Just as you do with your family’s emergency supply kit, think first about the basics for survival, particularly food and water. Consider two kits. In one, put everything you and your pets will need to stay where you are. The other should be a lightweight, smaller version you can take with you if you and your pets have to get away. Be sure to review your kits regularly to ensure that their contents, especially foods and medicines, are fresh. The kit should include food and water for at least three days for each pet, medicines, veterinary records, collar with ID tag, harness/leash and a pet first aid kit. You should also have a crate or other pet carrier and sanitary items such as litter/litter box, newspapers and paper towels.
In addition to an emergency kit, you should have a plan on how to evacuate with your pet(s). If you evacuate to a shelter, pets may not be allowed so it is a good idea to have a backup plan on where you will stay with your pet(s). Check with your vet to see if they offer pet sheltering in the event of an emergency. Plan with neighbors/family/friends that could care for your pet(s) during an emergency if you are unable to do so.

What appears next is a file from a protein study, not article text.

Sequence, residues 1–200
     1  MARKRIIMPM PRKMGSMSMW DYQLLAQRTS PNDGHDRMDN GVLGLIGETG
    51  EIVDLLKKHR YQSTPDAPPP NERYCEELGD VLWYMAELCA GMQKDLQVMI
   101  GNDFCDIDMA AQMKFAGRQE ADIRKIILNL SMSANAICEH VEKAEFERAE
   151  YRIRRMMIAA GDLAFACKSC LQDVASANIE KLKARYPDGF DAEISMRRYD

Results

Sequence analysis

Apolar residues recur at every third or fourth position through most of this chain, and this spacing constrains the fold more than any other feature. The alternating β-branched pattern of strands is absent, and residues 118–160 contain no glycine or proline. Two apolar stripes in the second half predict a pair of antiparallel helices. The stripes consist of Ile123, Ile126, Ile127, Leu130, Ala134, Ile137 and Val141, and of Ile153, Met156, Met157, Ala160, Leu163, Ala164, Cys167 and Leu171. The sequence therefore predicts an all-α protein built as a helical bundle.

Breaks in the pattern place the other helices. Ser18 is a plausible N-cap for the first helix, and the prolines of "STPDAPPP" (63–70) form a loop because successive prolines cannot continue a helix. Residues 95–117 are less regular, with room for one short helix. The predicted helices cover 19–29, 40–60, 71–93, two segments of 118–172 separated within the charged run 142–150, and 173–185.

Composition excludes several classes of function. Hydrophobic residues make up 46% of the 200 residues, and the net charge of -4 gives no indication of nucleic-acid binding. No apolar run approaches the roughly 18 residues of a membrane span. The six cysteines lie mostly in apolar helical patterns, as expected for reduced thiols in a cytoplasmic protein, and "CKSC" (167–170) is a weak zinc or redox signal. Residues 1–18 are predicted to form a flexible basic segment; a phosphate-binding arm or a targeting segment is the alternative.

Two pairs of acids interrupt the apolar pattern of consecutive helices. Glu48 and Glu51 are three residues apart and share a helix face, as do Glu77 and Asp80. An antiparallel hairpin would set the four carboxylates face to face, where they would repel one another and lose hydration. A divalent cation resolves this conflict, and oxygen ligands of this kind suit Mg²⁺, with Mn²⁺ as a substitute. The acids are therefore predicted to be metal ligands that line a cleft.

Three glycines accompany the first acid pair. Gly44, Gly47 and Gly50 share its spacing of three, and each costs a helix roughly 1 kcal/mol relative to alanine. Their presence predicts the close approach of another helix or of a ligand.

Finally, when you practice your evacuation drill with your family (twice a year is the recommendation), include your pet(s) in the process. Practice putting your pet(s) in the crate or carrier and loading the car with the pet and supplies.